Tesco boss Terry Leahy unveiled the company’s Community Plan yesterday (10 May) just two days after the UK’s GBP95bn (US$177.5bn) grocery market was referred for a Competition Commission investigation by the Office of Fair Trading (OFT).
The company told just-food that the announcements were unrelated.
“The timing is coincidental,” Tesco spokesperson Laura Voyle said. “The announcement had been planned for some time and we had no way of knowing in advance when the OFT would make its decision,” she said.
“There were a lot of wide-ranging projects announced. This has not been pulled together in haste, it is the result of years of work and research. A lot of the projects are things we already do but are going to do better,” she added.
Consumers, Leahy said in his Community Plan speech delivered to the Work Federation, want to see more local and regional products that have been sourced ethically and sustainably. They want clearly labelled healthy foods and environmentally sound practices, he said. “They want us to be a good neighbour by being thoughtful about our impact on their neighbourhood, or by supporting local sports teams or providing more jobs,” Leahy concluded.
Leahy said that the UK’s largest retailer will respond to the consumer and community needs that it has identified in its ten-point plan. Tesco has set targets to reduce carbon emissions by 10%, investing in sustainable environmental technology, increase recycling at stores; introduce biodegradable bags, add nutritional labelling to all own-brand products, support community health-education schemes, organise sports events, make Tesco Express convenience stores “the best possible neighbours”, consult local communities before building new stores, deliver more local lines and promote regional British food.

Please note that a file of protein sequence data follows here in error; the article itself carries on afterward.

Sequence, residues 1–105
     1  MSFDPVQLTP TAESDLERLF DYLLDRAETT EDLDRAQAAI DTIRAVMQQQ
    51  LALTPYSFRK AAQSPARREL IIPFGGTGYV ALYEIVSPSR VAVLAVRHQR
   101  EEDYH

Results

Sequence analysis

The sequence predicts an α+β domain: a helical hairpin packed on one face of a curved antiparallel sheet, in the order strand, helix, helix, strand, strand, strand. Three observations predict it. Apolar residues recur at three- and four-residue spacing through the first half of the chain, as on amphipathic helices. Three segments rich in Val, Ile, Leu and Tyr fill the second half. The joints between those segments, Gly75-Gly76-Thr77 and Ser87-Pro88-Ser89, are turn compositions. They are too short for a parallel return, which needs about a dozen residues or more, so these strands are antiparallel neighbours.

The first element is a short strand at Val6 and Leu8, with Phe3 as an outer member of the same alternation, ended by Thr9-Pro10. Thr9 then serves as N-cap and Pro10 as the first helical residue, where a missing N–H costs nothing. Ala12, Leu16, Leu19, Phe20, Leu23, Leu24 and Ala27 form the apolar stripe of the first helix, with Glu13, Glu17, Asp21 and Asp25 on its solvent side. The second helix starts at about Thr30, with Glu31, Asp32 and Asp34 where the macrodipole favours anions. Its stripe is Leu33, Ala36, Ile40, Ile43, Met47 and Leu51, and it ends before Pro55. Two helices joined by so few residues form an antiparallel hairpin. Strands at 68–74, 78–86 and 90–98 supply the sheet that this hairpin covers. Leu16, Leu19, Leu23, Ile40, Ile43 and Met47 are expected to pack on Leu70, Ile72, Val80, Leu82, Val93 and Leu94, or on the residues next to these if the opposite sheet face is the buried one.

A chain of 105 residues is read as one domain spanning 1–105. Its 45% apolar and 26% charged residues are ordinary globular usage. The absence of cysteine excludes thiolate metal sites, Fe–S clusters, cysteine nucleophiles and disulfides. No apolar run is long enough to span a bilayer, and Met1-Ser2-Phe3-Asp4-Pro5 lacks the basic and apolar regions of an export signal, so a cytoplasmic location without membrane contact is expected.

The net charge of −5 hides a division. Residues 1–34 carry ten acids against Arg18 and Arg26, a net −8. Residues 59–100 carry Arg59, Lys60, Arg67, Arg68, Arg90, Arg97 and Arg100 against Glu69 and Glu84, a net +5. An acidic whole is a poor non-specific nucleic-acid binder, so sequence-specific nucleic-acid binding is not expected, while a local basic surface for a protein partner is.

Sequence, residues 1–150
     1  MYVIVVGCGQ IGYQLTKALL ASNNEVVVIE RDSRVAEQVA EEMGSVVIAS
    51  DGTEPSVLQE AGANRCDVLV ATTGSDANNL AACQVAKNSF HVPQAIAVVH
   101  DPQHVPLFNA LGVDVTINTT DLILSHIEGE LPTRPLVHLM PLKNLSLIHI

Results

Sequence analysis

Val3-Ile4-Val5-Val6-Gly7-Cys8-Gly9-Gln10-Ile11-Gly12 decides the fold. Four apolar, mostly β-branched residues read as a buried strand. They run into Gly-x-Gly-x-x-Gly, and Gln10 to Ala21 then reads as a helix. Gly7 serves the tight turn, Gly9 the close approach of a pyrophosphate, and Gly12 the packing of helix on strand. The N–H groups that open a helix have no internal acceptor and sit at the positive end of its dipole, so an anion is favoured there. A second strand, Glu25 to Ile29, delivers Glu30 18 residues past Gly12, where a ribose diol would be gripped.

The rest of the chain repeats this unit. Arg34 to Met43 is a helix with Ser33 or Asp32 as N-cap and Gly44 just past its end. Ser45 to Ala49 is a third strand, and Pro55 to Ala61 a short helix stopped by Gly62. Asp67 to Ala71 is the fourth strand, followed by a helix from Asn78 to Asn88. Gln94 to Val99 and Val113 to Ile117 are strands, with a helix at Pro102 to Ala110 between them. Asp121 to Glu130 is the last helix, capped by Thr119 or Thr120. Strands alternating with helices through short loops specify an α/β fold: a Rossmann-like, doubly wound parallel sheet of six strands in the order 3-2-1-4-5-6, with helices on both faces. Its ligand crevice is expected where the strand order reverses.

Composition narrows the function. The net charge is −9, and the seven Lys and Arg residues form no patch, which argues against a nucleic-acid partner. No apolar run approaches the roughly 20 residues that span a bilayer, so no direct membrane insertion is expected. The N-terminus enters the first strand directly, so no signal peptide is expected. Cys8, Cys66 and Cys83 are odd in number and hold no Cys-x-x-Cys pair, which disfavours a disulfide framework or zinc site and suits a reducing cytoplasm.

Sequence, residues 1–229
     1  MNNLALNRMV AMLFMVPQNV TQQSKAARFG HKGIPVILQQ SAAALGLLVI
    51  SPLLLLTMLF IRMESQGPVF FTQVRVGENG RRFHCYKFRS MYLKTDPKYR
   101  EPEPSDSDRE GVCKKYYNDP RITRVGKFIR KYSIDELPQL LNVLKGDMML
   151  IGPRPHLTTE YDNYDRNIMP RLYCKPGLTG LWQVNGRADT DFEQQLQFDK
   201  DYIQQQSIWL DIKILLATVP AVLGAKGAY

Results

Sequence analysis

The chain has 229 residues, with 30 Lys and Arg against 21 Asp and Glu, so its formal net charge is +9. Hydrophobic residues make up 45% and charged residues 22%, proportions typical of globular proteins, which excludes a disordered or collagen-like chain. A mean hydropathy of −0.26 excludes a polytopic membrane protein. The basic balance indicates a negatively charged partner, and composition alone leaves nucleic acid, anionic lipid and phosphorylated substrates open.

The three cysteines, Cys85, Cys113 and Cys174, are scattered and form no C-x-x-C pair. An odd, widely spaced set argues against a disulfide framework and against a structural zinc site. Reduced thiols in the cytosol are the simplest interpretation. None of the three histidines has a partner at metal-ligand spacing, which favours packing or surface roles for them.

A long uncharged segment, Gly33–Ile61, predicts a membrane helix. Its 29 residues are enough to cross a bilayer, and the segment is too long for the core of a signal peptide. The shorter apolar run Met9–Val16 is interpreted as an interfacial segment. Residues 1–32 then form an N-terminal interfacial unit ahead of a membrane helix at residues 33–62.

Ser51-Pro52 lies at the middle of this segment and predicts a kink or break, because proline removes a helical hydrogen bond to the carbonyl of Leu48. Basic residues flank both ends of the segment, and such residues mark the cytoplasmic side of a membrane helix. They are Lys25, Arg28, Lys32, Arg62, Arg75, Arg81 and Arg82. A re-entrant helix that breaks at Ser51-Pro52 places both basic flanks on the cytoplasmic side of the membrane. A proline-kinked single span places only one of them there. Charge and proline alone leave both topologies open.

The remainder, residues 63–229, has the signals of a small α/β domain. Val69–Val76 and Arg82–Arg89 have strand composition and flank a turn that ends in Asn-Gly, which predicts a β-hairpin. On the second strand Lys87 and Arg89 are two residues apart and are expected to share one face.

The new plan comes at a difficult juncture for large retailers, with the UK’s Office of Fair Trading launching a probe into the grocery sector. Increasingly, independent retailers and suppliers have been speaking out against the market dominance of big corperations. However, Tesco denies that the plan is a response to this growing pressure.